Monday, June 27, 2011

Off the Map: Cheesesteaks - Proof That Everything Is Better in New Jersey

“Big Daddy” Cheesesteak – Carmen’s Deli, Bellmawr, NJ
Carmen's Deli

To those of us from the Philadelphia area, the cheesesteak is not just a subpar food one eats as a tourist in the City of Brotherly Love.  The cheesesteak is a way of life.  And everyone has his or her favorite.
And All Cheesesteaks Should Be Eaten with Onion Rings. Fact
Hailing from the South Jersey suburbs, Vodka’s ideal cheesesteak does not come from Philadelphia at all.  It comes from the delis of her youth, a solid half hour away from the Pat’s versus Geno’s rivalry.  It does not feature long slabs of shaved meat and oodles of Cheez Whiz.  The South Jersey cheesesteak, in Vodka’s mind, is refined and hearty, proving that the cheesesteak one loves in childhood stays in the heart forever.
And If You Call Hoagies "Subs," Just Leave Now
Clearly sharing Vodka’s sentiment that the best cheesesteaks are found east of the Delaware River, Aaron McCargo, Jr. chose Carmen’s Deli cheesesteak on the BETWEEN BREAD episode of Best Thing I Ever Ate.  Forcing my mother to chauffeur me to Bellmawr, NJ for the sake of obsessive eating, we find a packed parking lot outside of Carmen’s.  Being that it is neither lunch nor dinner time, this inexplicable crowd seems to prove that Aaron McCargo, Jr. knows his stuff.
I Hear Bellmawr is Lovely This Time of Year....
I enter Carmen’s Deli and head to the hoagie and grill line to pick my number.  As I wait, I am filled with schadenfreude at the dope who arrives at the pick-up counter to retrieve the order he had placed over the phone… at what is revealed to be the “Carmen’s Deli” in BALTIMORE.   Talk about not knowing your area codes.

Because all of the workers at Carmen’s Deli are kinder souls than me, they do not laugh in the face of this moron, and they simply make a replica of the order that is probably still waiting for him in Maryland.  And in fact, the workers’ patience and niceties are what saves Carmen's from what is otherwise an inefficient sandwich ordering system (whoever takes your order at the counter makes your food, which leaves long gaps of wait time).
And I'm Not Very Patient When Waiting for This
Once I retrieve our “Big Daddy” cheesesteaks (made with fried onions and hot peppers, neither of which are really my thing, but I won’t diverge from Best Thing I Ever Ate choices), my mother and I cart our sandwiches home to feast upon.  Impressively, when we unwrap them twenty minutes later, they are still piping hot (verging on scalding).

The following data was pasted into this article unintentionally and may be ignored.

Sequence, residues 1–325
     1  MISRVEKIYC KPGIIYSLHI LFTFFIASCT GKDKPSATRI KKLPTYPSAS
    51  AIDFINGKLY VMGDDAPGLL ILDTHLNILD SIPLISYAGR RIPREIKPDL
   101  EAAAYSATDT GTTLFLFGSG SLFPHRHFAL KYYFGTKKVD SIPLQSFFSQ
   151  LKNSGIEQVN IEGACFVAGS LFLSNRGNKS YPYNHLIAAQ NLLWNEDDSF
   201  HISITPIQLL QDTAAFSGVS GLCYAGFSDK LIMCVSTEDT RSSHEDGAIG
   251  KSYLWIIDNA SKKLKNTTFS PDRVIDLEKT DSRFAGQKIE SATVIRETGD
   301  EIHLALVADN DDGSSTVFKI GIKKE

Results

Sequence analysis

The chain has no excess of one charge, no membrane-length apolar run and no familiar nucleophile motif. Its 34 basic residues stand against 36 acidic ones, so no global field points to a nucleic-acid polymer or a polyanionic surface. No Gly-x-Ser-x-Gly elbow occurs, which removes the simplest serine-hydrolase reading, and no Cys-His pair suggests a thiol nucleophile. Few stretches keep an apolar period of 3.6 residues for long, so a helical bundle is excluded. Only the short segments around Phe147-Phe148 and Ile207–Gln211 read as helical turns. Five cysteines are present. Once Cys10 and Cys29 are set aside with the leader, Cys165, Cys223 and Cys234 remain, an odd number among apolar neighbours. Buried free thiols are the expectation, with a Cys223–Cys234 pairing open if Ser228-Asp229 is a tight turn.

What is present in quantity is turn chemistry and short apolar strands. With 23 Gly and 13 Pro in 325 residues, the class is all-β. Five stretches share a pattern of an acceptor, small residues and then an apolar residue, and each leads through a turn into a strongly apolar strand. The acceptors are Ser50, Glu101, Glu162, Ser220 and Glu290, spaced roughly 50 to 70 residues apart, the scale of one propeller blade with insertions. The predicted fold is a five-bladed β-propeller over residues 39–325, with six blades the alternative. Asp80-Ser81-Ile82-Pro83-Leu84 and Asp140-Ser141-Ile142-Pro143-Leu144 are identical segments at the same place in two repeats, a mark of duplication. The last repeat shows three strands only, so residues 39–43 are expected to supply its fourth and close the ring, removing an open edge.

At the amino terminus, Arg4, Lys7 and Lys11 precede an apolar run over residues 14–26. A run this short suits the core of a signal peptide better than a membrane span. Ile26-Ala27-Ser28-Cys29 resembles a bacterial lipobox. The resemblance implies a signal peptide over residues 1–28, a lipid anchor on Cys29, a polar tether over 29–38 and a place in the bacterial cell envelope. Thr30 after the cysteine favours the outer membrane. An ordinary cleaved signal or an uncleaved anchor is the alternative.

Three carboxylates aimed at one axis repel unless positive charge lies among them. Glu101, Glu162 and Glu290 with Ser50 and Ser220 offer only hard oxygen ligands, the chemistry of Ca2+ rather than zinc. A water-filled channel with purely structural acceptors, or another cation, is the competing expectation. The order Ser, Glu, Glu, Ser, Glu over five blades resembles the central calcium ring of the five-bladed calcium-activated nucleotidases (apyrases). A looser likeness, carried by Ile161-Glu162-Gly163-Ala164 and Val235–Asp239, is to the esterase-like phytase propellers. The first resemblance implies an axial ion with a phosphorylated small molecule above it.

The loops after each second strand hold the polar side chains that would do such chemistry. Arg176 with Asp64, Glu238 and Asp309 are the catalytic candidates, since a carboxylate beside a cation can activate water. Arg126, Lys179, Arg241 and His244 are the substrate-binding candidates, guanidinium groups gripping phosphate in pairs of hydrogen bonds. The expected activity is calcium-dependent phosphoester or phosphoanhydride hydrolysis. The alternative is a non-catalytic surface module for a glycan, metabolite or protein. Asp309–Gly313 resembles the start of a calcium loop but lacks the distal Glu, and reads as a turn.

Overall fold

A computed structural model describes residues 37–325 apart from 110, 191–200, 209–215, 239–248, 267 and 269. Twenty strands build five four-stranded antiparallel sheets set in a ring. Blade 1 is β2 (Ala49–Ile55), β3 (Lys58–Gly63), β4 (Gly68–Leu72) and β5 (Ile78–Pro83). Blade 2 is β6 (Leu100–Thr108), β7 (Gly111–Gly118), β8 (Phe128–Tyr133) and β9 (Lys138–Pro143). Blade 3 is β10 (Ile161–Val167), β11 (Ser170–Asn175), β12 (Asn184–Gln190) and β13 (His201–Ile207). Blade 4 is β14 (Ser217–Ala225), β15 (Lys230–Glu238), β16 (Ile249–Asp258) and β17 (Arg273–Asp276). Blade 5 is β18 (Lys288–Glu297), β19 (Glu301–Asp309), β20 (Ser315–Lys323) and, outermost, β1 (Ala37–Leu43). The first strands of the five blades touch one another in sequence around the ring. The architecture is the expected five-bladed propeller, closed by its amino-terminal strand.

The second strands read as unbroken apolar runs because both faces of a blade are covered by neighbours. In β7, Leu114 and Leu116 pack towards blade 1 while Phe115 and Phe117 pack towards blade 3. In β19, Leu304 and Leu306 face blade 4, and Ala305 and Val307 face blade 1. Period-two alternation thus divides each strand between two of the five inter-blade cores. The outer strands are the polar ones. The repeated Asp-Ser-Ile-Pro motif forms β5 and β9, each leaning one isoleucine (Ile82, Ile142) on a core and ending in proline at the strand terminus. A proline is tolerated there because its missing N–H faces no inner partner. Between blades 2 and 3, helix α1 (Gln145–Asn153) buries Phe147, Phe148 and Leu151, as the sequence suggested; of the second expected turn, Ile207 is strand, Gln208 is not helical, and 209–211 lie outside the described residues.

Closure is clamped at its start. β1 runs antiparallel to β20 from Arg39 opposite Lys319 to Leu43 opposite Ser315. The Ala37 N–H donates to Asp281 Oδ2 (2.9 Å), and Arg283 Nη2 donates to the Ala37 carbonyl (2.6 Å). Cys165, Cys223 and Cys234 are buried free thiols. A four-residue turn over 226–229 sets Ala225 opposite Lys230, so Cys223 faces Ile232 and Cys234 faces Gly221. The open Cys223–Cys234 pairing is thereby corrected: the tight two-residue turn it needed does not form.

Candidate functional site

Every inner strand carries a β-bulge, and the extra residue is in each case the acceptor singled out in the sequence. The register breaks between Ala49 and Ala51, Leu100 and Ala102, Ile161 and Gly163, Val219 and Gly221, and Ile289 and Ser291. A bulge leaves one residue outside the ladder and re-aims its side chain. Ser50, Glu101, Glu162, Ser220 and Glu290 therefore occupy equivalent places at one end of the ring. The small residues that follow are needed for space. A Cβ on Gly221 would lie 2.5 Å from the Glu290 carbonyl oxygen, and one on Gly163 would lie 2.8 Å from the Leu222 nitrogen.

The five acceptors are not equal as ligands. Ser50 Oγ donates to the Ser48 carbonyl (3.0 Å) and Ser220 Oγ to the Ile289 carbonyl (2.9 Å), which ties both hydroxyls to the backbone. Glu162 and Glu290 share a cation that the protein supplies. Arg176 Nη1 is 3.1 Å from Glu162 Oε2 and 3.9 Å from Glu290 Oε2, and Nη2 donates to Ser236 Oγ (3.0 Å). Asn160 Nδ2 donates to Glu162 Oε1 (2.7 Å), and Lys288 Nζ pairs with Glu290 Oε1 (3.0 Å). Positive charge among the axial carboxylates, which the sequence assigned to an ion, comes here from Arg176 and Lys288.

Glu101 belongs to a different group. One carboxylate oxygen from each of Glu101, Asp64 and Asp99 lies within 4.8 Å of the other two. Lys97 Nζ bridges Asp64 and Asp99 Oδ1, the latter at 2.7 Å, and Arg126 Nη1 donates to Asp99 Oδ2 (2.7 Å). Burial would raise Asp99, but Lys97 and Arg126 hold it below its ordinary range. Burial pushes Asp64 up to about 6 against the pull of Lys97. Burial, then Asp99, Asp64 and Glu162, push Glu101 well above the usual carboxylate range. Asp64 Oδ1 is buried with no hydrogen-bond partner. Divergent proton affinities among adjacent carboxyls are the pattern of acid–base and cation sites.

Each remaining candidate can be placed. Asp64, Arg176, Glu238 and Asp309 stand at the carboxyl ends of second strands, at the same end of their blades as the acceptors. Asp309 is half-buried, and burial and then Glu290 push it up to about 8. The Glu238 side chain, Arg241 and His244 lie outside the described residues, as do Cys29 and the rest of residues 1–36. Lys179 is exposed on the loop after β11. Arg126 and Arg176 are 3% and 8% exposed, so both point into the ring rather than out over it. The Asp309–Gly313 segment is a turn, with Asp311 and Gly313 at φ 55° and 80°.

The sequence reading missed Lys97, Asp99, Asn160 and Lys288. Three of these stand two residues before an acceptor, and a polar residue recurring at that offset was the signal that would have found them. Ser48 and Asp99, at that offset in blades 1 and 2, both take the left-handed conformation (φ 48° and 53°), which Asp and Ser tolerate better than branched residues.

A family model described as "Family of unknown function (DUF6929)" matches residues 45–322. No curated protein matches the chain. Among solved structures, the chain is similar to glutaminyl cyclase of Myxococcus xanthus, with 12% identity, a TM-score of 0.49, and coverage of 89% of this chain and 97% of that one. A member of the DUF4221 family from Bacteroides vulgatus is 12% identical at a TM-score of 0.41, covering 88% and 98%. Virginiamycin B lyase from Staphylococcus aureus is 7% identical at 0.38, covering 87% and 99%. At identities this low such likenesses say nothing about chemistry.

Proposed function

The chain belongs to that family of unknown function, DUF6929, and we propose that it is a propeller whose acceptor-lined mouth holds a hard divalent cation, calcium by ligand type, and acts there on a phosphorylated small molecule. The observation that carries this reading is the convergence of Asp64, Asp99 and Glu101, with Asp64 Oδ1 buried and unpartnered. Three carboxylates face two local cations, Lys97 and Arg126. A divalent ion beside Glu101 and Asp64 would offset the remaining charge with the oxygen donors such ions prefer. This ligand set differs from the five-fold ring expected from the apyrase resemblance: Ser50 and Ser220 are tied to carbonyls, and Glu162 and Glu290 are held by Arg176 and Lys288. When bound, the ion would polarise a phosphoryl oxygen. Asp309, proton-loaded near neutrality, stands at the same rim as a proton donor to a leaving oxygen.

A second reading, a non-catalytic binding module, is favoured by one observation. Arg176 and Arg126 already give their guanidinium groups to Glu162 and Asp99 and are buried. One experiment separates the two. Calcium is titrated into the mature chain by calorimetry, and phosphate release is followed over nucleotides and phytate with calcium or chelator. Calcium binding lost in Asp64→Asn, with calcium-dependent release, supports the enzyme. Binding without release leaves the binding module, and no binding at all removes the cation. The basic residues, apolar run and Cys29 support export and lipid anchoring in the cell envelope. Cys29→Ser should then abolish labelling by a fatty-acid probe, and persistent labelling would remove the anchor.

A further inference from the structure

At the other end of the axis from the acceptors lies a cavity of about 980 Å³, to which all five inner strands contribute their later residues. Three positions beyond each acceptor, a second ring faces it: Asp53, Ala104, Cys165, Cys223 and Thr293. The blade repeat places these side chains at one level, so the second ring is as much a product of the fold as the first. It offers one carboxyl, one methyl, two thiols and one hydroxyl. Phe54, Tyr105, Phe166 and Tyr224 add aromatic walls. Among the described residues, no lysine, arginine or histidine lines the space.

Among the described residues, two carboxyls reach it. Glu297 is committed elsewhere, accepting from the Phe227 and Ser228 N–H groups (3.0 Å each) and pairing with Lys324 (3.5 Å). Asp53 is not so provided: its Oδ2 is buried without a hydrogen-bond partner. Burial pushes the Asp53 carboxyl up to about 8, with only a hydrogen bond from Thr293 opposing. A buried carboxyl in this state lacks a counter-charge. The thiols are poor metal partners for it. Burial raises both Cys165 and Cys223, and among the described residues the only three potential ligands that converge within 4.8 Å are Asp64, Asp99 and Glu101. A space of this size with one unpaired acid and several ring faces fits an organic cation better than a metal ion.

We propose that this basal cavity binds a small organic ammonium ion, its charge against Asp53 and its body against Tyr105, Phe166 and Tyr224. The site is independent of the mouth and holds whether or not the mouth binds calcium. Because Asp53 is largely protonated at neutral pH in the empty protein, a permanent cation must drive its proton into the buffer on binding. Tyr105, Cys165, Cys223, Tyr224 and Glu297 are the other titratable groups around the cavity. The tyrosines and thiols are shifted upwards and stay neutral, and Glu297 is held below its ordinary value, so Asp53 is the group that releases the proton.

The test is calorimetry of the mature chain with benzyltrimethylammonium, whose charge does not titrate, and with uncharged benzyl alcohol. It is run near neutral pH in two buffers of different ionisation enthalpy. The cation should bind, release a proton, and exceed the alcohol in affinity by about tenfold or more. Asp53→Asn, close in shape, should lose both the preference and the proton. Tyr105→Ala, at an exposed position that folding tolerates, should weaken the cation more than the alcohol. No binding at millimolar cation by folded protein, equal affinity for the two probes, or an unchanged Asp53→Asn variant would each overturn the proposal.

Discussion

Well Insulated Sandwich
The rolls (which my parents find too flimsy but I love) are bulging with more meat than I have ever seen smashed into a cheesesteak.  Melted provolone cheese coats all of the thinly sliced steak (pleasantly integrated with the meat itself and not just hanging off of the roll).  There are also a proliferation of fried onions and hot peppers which, one by one, we each decide to pick off.
Cheesesteak Pictures Also Don't Win Awards
Diving in, the cheesesteak is practically perfect, and to my South Jersey tastebuds, far superior to the runny contraptions found in South Philly.  The peppers, however, distort many of my early bites, and the sandwich is much better once they are removed.  While I wouldn’t venture to Bellmawr again just for this sandwich, as I can find many akin to it in my parents’ backyard, I would urge anyone from Philadelphia proper to come to South Jersey and have the cheesesteak you've been missing all these years.
New Jersey's Finest
Note from Ginger: Please direct all Philadelphia versus South Jersey cheesesteak related hate-mail to Vodka directly as I do not wish to be implicated in your wrath.  Thank you.

Carmen’s Deli “Big Daddy” Cheesesteak: 4 stars

Wednesday, June 15, 2011

Priscilla, Queen of the Dessert Macarons

Coffee Macaron – Payard Patisserie (Francois Chocolate Bar)
FC Chocolate Bar

"[She] becomes All About Eve meets Cruella de Vil when she's having a party.  It becomes like psycho Nazi warfare." -Bethenny Frankel

The second weekend in June means one thing and one thing only to Vodka and her long-suffering friends: Vodka’s annual Tony Awards Rager.
This Pretty Much Encapsulates Ginger's Behavior at the Party
Vodka, having been obsessed with Broadway shows since seeing Cats at age five, goes full-tilt crazy on Tony night, naming each of her sixteen dishes after the nominated shows and drowning her guests in Bernadettinis and Rogeritas (and if you can’t figure out who the drinks are named for, you have not been paying attention*).